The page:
Do I need to be a genius to do a doctorate degree?

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The quick answer to this question is no: you don’t need to be abnormally “smart” to do a doctorate degree, but you do need a specialized set of skills and characteristics.

Completing a doctorate degree is not easy, but the idea that only geniuses become doctors is a misconception.

In fact, your IQ has very little to do with whether you will be successful in a doctoral program. What’s more important is that you have the skills to complete some intense independent work and the character of someone determined to get the work done.

In this post, I’ll spell out the top skills you should look for in yourself if you are thinking about enrolling in doctoral degree, focusing on five that every doctoral student needs to succeed.

Skill 1: Research

Every doctoral student needs some basic research skills, because at the end of the day, a doctoral dissertation is a research project.

Understanding how to find and read academic sources, formulate research questions, and identify different types of research approach will be essential to crafting and conducting your project.

You’ll have learned some of these skills in previous degrees, and some will be taught to you during your doctoral program. However, be aware that few programs spend much time teaching these skills; if they are not your strong point, start seeking extra help early.

Skill 2: Communication

To successfully complete a doctoral dissertation, you will need to communicate effectively.

First, you’ll need to successfully communicate your research project idea to your department, potential chairs, and potential committee members. Then, you’ll need to communicate your research findings both orally (in your defense) and on paper (in your report). You’ll also need to be able to communicate effectively with your chair and committee members during the project, to stay on track and get the help and feedback you need.

If public and private communications are something you struggle with, consider taking a communications course to ensure you have the communication skills you need to get through your program.

Skill 3: Self-Advocacy

During your doctoral program, there will be times when you need to advocate for yourself.

A supervisor might not be returning feedback in a timely manner, participants may not be following instructions, a committee member might be asking for changes that don’t make sense for your project, or your program may not be delivering the support that was promised. At these times, you will need to be able to articulate and stand up for what is right in a way that is effective without being offensive.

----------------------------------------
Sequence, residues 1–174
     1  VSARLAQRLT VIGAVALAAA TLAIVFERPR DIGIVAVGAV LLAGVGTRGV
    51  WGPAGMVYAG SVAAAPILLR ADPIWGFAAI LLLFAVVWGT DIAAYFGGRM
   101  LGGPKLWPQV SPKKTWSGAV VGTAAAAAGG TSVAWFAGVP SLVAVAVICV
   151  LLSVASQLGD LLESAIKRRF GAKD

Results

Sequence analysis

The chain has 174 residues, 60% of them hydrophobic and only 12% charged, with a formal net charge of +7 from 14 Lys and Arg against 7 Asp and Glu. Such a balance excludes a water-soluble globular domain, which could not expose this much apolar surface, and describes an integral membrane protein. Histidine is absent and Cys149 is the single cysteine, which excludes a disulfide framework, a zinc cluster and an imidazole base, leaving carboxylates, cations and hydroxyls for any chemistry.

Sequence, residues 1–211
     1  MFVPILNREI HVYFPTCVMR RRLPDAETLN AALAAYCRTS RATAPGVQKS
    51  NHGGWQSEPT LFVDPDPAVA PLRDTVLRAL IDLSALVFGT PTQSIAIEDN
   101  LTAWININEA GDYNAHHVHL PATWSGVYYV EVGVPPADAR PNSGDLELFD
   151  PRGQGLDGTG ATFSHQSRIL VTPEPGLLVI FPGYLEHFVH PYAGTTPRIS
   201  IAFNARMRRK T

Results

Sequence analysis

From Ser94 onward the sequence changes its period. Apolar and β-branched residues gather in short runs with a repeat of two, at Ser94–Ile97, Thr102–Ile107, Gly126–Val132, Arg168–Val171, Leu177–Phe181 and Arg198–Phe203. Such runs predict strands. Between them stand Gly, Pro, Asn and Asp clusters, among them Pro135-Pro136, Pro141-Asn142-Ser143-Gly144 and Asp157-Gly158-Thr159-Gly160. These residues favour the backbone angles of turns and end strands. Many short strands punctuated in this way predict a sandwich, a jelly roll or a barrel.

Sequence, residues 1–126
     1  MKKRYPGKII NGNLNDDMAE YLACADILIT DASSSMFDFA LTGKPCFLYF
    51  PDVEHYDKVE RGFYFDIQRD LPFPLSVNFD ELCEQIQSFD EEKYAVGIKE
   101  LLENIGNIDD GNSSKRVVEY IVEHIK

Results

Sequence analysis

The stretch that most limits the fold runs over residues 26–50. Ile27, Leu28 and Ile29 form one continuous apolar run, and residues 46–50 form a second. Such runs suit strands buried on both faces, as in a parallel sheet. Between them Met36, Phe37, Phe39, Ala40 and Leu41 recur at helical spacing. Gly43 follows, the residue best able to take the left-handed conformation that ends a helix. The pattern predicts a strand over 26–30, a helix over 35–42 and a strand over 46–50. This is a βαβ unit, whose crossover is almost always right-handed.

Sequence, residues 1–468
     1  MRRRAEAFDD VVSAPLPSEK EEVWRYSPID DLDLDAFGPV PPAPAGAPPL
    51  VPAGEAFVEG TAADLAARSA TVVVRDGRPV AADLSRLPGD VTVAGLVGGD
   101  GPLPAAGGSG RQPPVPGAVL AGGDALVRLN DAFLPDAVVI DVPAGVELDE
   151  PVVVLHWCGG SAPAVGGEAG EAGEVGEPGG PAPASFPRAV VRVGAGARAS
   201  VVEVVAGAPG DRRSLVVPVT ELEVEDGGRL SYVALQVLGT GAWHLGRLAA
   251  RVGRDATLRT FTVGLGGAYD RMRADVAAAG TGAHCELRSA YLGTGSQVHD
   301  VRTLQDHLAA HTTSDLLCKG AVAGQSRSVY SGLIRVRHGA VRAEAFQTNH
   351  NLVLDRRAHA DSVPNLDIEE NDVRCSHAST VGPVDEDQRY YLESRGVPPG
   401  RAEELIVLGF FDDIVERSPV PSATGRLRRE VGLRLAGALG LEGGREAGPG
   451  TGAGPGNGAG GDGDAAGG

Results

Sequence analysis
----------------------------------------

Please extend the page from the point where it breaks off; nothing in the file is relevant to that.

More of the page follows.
If you are the sort of person who hates disagreements, has trouble being assertive, or is prone to accidentally escalating disagreements, then be aware that you may find the realities of doctoral environments challenging. Having strategies and resources in place before they are needed can help to lessen these challenges.

Skill 4: Self-Regulation

Doctoral work is fundamentally independent work, so to do well, you will need the skill to manage your own time and productivity effectively.

This will mean setting your own schedule and sticking to it, breaking large tasks down into manageable objectives and deadlines, and being critical of your own output.

Luckily, if you are not already a naturally independent worker, there are lots of supports you can turn to, from coaches to apps, that will help you learn to stay on track.

Skill 5: Writing

Finally, it’s worth remembering that the end product of most dissertation projects is a really long (30,000 words or more) written report.

Without some key writing skills, such as clear expression, mostly correct grammar, and a basic understanding of referencing and plagiarism, you are unlikely to produce work that will make it past the first hurdle, even if your ideas are phenomenal. Many supervisors won’t even read work that does not demonstrate these basic writing skills.

If you are not the strongest writer in the world, you can strengthen your skills by taking writing classes, making use of academic writing centers, and even working with professional editors to polish your work. NEVER ask someone else to write your dissertation, as this is academic misconduct.

Need More Help?

Do you need some help developing these key doctoral skills? Book a free session to find out how dissertation coaching can help.

Read.Write.Perfect.
*Please note that academic results will vary from student to student.
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